$mock = $this->getMock('MyWebservice');
$mock->expects($this->once())
     ->method('findById')
     ->with($this->equalTo(1))
     ->will($this->returnValue('Expected Unprocessed Data'));

This will create a double for a Web service that expects to be called once during the test with the first argument to method findById being 1. It will return predefined data.

After you put that in a method in your TestCase, your setup becomes

public function setup()
{
    Registry::reset();
    Registry::set('MyWebservice', $this->getWebserviceMock());
    $this->testSubject = new MyTestSubject;
}

Great. You no longer have to bother about setting up a real environment now. Well, except for the Registry. How about mocking that too. But how to do that. It's hardcoded so there is no way to replace at test runtime. Crap!

But wait a second, didn't we just say MyTestClass doesn't care where the data comes from? Yes, it just cares that it can call the findById method. You hopefully think now: why is the Registry in there at all? And right you are. Let's change the whole thing to

class MyTestSubject
{
    protected $finder;

    public function __construct(Finder $finder)
    {
        $this->finder = $finder;
    }
    public function foo($id)
    {
        return $this->doSomethingWithResults(
            $this->finder->findById($id)
        );
    }
}

Byebye Registry. We are now injecting the dependency MyWebSe… err… Finder?! Yeah. We just care about the method findById, so we are using an interface now

interface Finder
{
    public function findById($id);
}

Don't forget to change the mock accordingly

$mock = $this->getMock('Finder');
$mock->expects($this->once())
     ->method('findById')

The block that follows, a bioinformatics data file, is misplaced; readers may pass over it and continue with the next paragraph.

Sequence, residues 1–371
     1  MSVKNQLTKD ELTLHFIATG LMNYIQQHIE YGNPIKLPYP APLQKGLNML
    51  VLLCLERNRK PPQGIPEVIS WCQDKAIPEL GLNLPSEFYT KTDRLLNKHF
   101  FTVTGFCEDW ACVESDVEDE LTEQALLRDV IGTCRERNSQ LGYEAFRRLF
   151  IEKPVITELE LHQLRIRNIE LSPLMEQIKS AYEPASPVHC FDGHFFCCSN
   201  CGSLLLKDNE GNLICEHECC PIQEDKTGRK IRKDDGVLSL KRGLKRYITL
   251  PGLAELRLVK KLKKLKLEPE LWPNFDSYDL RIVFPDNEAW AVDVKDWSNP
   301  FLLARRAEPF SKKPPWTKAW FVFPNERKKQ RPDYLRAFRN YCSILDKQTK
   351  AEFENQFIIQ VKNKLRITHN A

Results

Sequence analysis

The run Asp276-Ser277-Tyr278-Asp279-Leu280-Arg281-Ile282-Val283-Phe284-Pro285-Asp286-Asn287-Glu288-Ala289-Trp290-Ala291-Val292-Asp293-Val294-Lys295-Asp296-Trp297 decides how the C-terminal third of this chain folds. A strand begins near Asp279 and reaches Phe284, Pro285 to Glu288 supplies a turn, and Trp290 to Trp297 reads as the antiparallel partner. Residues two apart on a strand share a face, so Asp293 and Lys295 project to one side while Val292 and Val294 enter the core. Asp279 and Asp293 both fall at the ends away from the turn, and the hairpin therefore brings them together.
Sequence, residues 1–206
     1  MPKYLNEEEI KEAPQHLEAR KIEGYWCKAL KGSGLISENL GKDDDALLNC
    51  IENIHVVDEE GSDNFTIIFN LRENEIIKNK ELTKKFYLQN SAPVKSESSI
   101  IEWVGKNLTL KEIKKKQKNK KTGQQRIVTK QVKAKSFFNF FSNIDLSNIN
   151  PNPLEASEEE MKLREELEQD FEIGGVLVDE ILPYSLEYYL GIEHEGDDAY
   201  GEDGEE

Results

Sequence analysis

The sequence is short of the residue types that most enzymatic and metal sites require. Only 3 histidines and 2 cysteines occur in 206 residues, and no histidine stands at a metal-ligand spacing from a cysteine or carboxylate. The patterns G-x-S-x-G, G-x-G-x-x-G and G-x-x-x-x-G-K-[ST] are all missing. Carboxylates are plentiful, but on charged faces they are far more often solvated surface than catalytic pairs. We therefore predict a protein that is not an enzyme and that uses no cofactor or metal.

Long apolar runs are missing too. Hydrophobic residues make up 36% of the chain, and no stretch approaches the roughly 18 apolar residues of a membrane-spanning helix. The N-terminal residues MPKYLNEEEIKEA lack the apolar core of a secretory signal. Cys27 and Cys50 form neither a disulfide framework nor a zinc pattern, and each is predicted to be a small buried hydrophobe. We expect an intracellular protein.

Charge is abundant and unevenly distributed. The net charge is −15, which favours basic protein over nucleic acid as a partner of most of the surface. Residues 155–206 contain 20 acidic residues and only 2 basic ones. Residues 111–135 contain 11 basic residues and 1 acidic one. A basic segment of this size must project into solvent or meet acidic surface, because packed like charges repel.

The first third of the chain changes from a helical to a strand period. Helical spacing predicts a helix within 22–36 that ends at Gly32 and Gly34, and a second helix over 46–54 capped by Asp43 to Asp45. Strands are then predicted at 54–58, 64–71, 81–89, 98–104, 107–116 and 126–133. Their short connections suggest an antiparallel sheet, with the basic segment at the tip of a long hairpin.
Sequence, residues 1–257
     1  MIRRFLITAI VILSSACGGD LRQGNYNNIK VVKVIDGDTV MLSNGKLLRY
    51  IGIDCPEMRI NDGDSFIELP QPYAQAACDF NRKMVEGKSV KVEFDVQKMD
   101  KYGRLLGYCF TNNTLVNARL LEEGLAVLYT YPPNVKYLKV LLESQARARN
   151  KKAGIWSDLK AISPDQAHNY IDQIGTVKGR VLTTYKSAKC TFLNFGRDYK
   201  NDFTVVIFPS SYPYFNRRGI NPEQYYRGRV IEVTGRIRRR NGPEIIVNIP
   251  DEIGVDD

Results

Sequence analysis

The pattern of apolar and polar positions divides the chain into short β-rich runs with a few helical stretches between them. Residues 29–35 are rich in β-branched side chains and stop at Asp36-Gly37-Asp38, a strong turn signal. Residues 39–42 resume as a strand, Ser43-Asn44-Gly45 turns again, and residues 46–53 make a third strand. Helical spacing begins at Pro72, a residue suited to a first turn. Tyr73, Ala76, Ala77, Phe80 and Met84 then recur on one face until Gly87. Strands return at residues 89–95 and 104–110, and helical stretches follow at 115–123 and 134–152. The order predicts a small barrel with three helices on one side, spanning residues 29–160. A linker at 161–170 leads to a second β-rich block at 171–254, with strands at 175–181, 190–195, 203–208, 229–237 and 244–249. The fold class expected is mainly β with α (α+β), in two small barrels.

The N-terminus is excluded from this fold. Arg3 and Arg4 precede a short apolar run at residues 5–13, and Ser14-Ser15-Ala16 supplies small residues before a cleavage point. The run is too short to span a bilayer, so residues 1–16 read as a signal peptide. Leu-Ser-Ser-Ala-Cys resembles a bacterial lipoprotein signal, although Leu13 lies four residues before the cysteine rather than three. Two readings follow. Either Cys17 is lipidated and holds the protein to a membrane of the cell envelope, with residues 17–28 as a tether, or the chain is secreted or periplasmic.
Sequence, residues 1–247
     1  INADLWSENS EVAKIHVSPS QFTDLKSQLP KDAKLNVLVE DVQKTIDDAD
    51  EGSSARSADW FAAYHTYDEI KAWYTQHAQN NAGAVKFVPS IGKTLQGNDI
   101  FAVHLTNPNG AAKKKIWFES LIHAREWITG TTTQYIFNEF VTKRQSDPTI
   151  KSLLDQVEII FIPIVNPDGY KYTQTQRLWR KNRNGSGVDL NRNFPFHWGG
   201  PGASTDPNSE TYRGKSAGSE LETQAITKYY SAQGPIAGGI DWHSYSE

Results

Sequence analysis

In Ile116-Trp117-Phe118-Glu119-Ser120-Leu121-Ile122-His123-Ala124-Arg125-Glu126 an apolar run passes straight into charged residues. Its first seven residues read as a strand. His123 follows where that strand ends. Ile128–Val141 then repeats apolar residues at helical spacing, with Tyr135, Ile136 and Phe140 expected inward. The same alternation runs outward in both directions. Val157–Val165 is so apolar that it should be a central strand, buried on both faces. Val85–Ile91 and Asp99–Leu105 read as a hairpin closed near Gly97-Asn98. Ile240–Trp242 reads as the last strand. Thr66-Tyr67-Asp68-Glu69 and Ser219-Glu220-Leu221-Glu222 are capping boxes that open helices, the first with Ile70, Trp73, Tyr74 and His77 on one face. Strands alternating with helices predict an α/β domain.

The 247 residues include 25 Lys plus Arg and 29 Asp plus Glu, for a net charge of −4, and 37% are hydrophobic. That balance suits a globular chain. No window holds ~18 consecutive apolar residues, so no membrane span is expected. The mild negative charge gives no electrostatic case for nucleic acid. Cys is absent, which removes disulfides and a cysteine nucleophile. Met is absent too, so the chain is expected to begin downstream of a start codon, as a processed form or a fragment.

->with($this->equalTo(1))
     ->will($this->returnValue('Expected Unprocessed Data'));

and setup() becomes

public function setup()
{
    $this->testSubject = new MyTestSubject($this->getFinderMock());
}

Voila! Nice and easy and. We can concentrate on testing MyTestClass now.

While you were doing that, your boss called again and said he wants you to switch back to a database because SOA is really just a buzzword used by overpriced consultants to make you feel enterprisey. This time you don't worry though, because you don't have to change your tests again. They no longer depend on the environment.

Of course, you still you have to make sure that both MyWebservice and MyActiveRecord implement the Finder interface for your actual code, but since we assumed them to already have these methods, it's just a matter of slapping implements Finder on the class.

And that's it. Hope that helped.

Additional Resources:

You can find additional information about other drawbacks when testing Singletons and dealing with global state in

This should be of most interest, because it is by the author of PHPUnit and explains the difficulties with actual examples in PHPUnit.

Also of interest are:

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Singletons (in all OOP languages, not just PHP) make a particular kind of debugging called unit testing difficult for the same reason that global variables do. They introduce global state into a program, meaning that you can't test any modules of your software that depend on the singleton in isolation. Unit testing should include only the code under test (and its superclasses).

Singletons are essentially global state, and while having global state can make sense in certain circumstances, it should be avoided unless it's necessary.

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When finishing a PHP test, you can flush singleton instance like this:

protected function tearDown()
{
    $reflection = new ReflectionClass('MySingleton');
    $property = $reflection->getProperty("_instance");
    $property->setAccessible(true);
    $property->setValue(null);
}